In Australia a college is not somewhere students go after high school as it is in the United States – the term refers to any school. Thus, Radford College in the Canberra suburb of Bruce (insert Monty Python Australia sketch here) is a K - 12 campus.
This school is the first really foreign school that Sara and I have worked in. When we work overseas we have always been in international schools – places where ex-pats, and locals looking to send their kids to US universities, send their kids in countries where the native language is not English. This time we were in an honest to goodness foreign school – part of the local system. Thanks to our friend Dan Ferri – these Aussies took a chance on a couple of poets from Cleveland Ohio.
You can see they gave us a manageable but busy schedule. As happens quite often our dance card filled up as teachers began talking about our visits into their classrooms and those who were sitting on the fence with a “wait and see” attitude decided they wanted to get in on some of this poetry action. So our schedule became loaded with crisscrossed lines and penciled in times as it evolved during our stay.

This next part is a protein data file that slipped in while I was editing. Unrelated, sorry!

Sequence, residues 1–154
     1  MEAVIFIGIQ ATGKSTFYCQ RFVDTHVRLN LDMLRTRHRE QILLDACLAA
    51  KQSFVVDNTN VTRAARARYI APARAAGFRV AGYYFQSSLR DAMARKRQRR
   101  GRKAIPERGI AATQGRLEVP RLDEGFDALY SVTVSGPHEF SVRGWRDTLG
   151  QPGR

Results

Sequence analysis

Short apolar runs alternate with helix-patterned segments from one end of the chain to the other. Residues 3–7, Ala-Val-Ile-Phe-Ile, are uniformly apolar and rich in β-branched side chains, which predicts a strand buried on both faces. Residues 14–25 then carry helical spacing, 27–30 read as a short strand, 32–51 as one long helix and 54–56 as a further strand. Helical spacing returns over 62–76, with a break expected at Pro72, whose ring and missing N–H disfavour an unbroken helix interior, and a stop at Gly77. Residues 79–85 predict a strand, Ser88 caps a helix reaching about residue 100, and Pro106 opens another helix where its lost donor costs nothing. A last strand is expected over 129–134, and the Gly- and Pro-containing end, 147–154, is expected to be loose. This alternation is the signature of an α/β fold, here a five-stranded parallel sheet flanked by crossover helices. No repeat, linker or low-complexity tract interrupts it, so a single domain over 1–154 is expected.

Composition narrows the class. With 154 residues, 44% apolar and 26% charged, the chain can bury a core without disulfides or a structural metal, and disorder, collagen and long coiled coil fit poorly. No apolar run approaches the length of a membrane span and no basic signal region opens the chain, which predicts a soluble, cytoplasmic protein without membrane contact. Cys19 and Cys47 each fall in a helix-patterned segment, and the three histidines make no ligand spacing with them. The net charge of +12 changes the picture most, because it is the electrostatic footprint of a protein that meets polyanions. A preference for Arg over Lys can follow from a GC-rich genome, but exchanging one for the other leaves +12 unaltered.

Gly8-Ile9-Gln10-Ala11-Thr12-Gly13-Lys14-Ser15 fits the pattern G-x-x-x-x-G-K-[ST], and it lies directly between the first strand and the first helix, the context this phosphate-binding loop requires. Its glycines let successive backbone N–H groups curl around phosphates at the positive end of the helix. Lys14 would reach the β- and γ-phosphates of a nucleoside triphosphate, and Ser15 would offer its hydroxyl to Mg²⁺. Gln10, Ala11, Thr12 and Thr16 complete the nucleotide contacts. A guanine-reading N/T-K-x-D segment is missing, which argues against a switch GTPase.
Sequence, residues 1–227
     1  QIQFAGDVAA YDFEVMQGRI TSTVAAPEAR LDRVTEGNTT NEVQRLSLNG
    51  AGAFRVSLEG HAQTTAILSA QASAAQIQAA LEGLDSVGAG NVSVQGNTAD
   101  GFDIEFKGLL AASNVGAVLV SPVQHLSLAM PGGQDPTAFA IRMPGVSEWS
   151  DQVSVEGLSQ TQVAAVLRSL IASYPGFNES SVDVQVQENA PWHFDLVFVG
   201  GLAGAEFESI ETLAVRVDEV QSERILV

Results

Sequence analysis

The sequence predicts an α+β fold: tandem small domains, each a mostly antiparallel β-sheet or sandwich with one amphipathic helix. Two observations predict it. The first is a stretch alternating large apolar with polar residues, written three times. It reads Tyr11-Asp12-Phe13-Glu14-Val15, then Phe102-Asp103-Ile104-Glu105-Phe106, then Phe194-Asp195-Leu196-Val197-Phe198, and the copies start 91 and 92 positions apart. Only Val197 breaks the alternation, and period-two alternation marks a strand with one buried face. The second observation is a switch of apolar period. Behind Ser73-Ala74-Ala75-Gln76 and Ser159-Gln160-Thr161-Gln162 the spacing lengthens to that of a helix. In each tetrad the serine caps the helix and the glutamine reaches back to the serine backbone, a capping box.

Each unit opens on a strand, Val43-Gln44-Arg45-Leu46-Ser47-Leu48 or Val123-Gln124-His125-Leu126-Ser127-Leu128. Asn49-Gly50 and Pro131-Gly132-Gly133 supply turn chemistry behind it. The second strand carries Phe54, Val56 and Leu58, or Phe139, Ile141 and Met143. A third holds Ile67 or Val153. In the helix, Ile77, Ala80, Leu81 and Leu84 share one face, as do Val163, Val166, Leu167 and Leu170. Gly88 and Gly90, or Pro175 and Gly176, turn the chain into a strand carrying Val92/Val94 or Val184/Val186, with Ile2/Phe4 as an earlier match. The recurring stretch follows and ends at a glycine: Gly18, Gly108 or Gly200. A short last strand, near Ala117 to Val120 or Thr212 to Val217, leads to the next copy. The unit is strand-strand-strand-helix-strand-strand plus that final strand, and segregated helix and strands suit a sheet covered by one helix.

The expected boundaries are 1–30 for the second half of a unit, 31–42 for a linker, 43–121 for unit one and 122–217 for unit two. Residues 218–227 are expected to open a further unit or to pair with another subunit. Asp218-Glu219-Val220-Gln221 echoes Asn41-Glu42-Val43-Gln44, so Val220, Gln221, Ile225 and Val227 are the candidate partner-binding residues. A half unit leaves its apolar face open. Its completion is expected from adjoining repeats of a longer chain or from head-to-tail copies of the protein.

Like I said this is fairly common and understandable. Teachers are busy people and have a hard enough time getting to all their lessons and curriculum objectives and sometimes don’t feel there is time for poetry in their schedule. What Sara and I offer is a way that teachers can integrate poetry as a tool in their classroom – so while the finished product may be some sort of verse it still pushes their classroom goals forward and might I add, at a quicker pace than a five paragraph essay, a report, diorama, book report or any other of the myriad text types used for assessment. Ask the teachers at Radford about the narratives we wrote about the water cycle or the definition poems on democracy and you’ll find some recent converts to poetry as a practical classroom addition.
The students and teachers at Radford were engaged and enthusiastic, we visited classrooms of kids from third through 12th grade and only went to the wrong building one time during our week long residency. Thankfully a breathless fifth grader found us and led us back to the right classroom. It is a whiplash inducing experience to go from a group of eight year olds writing about the toys in their bathtub to a class of 18 year old young men and women studying Plath and Hughes one right after the other but it’s also what makes our job so much fun.
We thoroughly enjoyed our visit and met some really dedicated professionals; including a 7th grade science teacher who was carting around a pair of orphaned possums in her bag. So thanks to Peggy, Claire, Dylan, Therese, Dan and all the other folks we met during our stay. In the words of the school chaplain, “God bless you mob!”